"I would say most of the time I have been the smallest player on the pitch," says Bannan, who was yesterday voted player of the month by the Villa fans. "I used to play a few years above me when I was younger at school and that probably helped my progress. When you come up against people who are older, stronger and quicker than you, your good attributes have to be better.
"Nowadays, in the Premier League and at international level, I just say to myself that if I can play the way I can, I will never get involved in any physical battles. If my touch and awareness are quick enough then it gets me out of tricky positions. I am confident in myself that if my game is on top form it will be good enough.
"They [Xavi, Iniesta and Lionel Messi] have proved to everyone that height doesn't matter. If you look at Spain and Barcelona, probably the two best teams at club and international level, there are not many players in their midfield who are 6ft. For me they are the perfect people to watch and you have Paul Scholes and Jack Wilshere, who is one of the best players in the league."
It was Martin O'Neill who gave Bannan his debut but it was Houllier last season who really gave the player the confidence that he belonged. Just as he once summoned a teenage Steven Gerrard from Liverpool's reserves, Houllier called Bannan into his office within a week of taking the Villa job. Bannan says: "He told me, 'People have questioned your height but if you go out and play I don't have a problem with you. If you are good enough you can play for me'."
Another major influence on his career has been Ian Holloway, who was Bannan's manager when he was on loan at Blackpool in their famous promotion season from the Championship. So much so that when Villa played Blackpool last season, Bannan sought out Holloway afterwards to thank him for what he had done.
"Holloway has played a big part in my career," Bannan says. "He was so good on one-to-one talks. He really brought different things into my game. When we played them last season I spoke to him and thanked him. He said, 'No, it's all your hard work, you don't have to thank me'. He was brilliant."
After today's game, Bannan will join up with the Scotland squad for the biggest test yet of his young career. The Scots still have a chance of qualifying for Euro 2012 via the play-offs in November but they must hope the Czech Republic drop points and that they can get something from games against Liechtenstein a week today and against the world champions Spain in Alicante on 11 October.
"I love watching Spain's players," Bannan says. "They are the best in the world, probably my idols, and just to be playing on the same pitch as them, competing against them and seeing how far you have to go until you can call yourself a proper player – it'll be unbelievable. Hopefully I will be picked."
Bannan's favourite is Iniesta, currently injured, yet despite having already qualified, the likelihood is that Vicente del Bosque will still play a strong team. The world will be watching and, as for those in Barcelona, you would like to think that when their eyes alight on the slight, blond-haired lad with the sweet left foot, they may recognise something of themselves in him.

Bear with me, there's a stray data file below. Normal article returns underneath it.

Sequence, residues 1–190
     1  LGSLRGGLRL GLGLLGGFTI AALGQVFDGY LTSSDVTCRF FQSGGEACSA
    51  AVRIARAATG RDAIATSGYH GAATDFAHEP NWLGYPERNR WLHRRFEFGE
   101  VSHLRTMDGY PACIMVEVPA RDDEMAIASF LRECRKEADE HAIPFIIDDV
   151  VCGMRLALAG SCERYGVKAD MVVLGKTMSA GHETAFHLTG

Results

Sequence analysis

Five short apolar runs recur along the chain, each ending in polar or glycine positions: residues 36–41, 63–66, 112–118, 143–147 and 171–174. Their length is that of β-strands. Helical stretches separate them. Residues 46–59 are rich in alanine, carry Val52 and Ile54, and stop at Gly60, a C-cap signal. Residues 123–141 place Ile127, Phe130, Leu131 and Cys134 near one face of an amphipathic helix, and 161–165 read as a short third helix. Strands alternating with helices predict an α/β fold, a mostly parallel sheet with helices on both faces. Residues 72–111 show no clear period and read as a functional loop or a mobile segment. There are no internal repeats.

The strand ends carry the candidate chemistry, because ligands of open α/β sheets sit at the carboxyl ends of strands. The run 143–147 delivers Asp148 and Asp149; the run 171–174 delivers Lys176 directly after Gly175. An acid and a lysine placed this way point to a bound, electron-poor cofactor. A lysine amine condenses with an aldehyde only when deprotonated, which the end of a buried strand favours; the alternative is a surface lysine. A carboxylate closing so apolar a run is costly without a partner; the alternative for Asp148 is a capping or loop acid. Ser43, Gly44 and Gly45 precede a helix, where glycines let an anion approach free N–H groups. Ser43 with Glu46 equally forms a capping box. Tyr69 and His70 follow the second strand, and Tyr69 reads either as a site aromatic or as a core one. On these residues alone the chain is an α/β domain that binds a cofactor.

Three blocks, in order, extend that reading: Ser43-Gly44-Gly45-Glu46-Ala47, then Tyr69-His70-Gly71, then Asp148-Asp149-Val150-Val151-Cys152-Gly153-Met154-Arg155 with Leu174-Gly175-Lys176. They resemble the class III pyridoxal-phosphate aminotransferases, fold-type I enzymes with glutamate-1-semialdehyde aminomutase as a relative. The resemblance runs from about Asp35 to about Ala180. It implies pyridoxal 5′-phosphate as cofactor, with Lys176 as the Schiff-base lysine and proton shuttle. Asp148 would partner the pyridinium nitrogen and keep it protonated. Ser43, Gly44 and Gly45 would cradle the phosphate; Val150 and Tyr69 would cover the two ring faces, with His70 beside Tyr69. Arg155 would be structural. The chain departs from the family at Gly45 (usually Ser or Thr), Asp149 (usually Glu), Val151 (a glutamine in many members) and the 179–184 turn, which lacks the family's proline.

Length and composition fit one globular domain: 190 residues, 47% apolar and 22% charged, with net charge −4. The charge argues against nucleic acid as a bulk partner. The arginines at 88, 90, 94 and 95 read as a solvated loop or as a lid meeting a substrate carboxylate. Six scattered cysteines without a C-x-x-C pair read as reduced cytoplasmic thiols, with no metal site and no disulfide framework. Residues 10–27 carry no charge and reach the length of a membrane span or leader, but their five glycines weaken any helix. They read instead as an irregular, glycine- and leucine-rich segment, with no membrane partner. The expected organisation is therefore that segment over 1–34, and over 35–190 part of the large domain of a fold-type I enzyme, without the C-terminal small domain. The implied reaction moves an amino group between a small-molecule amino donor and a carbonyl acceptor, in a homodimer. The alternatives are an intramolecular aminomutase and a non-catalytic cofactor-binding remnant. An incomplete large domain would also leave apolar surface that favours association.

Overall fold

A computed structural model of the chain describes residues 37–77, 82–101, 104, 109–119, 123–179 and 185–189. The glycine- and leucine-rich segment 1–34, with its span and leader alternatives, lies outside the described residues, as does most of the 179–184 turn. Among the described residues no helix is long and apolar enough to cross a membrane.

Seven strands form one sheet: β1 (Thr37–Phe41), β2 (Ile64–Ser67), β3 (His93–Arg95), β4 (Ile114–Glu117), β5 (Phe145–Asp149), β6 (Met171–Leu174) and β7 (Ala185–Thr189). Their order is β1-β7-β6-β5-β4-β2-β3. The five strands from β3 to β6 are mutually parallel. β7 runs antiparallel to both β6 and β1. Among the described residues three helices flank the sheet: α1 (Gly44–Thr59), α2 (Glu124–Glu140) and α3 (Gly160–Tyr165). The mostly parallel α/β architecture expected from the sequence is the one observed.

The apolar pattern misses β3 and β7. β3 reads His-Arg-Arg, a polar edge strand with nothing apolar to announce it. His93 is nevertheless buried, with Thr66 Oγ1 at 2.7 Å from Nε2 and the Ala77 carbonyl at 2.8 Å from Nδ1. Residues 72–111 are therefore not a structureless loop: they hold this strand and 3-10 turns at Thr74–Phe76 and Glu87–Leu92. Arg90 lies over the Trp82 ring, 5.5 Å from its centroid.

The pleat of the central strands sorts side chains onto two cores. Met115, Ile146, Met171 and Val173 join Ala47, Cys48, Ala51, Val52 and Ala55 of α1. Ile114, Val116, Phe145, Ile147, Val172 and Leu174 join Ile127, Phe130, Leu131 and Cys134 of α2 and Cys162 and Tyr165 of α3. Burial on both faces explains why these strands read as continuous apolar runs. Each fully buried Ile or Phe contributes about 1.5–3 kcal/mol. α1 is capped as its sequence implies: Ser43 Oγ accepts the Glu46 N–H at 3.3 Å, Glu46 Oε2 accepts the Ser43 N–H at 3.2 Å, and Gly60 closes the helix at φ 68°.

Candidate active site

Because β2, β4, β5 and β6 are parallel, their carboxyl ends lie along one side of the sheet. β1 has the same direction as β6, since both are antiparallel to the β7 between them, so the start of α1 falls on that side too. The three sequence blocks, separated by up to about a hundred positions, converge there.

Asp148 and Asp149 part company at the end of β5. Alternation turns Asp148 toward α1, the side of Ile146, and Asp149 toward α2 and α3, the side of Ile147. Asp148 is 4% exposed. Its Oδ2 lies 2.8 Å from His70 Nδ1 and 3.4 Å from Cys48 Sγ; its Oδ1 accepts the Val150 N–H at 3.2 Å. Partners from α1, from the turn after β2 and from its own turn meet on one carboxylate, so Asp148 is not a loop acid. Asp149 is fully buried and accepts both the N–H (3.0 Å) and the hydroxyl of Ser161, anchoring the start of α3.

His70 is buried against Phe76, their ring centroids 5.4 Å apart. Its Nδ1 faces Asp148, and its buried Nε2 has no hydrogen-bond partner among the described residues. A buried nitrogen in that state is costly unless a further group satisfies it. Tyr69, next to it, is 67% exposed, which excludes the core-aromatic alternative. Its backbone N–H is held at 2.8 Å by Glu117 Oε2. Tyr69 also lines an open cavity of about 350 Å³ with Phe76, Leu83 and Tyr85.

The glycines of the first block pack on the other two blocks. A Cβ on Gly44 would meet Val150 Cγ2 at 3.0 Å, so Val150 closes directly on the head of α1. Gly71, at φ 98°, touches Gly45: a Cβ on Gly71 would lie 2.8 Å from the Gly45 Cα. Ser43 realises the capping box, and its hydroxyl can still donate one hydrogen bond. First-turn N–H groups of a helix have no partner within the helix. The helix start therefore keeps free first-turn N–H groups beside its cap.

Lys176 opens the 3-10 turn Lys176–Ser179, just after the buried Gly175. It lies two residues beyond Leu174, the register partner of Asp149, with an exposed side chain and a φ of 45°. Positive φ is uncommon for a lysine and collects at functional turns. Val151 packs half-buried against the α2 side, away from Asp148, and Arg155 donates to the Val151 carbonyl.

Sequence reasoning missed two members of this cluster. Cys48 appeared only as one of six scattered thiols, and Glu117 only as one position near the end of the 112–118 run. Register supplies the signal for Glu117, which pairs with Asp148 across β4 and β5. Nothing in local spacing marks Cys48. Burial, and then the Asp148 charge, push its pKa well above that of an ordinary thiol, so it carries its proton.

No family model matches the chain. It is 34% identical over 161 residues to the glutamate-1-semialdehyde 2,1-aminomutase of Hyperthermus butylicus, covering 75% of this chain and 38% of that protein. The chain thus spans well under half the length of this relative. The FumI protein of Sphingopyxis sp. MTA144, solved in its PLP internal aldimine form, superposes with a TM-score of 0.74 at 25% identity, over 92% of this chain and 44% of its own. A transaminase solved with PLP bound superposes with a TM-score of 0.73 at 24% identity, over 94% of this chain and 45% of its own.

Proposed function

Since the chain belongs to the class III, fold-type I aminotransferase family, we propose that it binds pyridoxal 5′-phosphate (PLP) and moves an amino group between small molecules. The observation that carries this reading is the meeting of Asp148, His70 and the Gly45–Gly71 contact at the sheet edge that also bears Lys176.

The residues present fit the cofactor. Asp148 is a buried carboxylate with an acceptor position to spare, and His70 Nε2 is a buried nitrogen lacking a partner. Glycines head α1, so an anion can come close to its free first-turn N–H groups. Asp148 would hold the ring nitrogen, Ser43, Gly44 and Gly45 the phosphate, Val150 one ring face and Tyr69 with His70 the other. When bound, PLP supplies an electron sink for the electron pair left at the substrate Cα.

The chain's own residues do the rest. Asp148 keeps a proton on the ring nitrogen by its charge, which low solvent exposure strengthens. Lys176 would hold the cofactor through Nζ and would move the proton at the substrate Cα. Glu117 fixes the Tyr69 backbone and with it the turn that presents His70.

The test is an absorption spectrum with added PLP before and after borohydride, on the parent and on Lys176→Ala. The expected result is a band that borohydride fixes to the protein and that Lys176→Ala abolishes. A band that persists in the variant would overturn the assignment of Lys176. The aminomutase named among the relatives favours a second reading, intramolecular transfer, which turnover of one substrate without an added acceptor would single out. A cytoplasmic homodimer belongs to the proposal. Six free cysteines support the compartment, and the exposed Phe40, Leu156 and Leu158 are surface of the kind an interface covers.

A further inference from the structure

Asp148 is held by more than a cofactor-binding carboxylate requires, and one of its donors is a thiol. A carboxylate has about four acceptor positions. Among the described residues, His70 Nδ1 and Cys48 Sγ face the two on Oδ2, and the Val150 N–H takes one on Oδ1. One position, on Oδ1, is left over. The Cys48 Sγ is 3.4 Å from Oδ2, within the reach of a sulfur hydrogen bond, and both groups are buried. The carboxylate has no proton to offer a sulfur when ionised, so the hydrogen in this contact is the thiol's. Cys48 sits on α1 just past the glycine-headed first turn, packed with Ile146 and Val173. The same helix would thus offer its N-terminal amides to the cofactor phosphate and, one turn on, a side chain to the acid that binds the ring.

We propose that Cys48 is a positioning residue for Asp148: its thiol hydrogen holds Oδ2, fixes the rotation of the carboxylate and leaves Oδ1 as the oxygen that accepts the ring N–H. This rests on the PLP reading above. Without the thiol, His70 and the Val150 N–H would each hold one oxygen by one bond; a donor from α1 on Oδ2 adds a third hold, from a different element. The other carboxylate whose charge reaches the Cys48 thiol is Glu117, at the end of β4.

Proof the very best players can come in small packages
*Barry Bannan, all 5ft 7in, of him, seeks to follow a distinguished line of smaller players who reached the heights.
Xavi and Andres Iniesta (5ft 7in)
Universally recognised as two of the best players in the game today, the pair have never been hindered by height. The Barcelona midfielders have won the World Cup, European Championship, several Spanish titles and three Champions League medals.
Lionel Messi (5ft 7in)
As a child, the Barcelona forward was told he would never make the grade due to a growth hormone deficiency. Some 200 goals later, he has more than proved those critics wrong, even winning comparisons with the next player on our list.
Diego Maradona (5ft 6in)
The greatest little player of them all. Won a World Cup almost by himself, scoring arguably both the best and most controversial goals the game has seen when Argentina beat England.
Shaun Wright-Phillips (5ft 5in)
Cruelly made to look even shorter when lining up with Peter Crouch for England, the winger is enjoying life at QPR.
Aaron Lennon (5ft 5in)
Nominated for the PFA Young Player of the Year three seasons in a row, the Spurs winger is the smallest player currently playing in the Premier League.
Alan Wright (5ft 4in)
The "Mighty Atom" played 265 times for Aston Villa at full-back – and once strained his knee reaching for the accelerator pedal of his new Ferrari.
Diego Buonanotte (5ft 3in)
The Argentinian midfielder, once one of the world's most exciting prospects, is rebuilding his career in Malaga after serious injury in a 2009 car crash.
Sammy Lee (5ft 2in)
Being small in stature did not stop midfielder Lee winning three league titles and two European Cups with Liverpool.
My Other Life
I have just moved into a house with my girlfriend Lauren and we have bought a dog, which is only 14 weeks old. She's a Staffordshire bull terrier, we've called her Sox. She's taking up a bit of my time.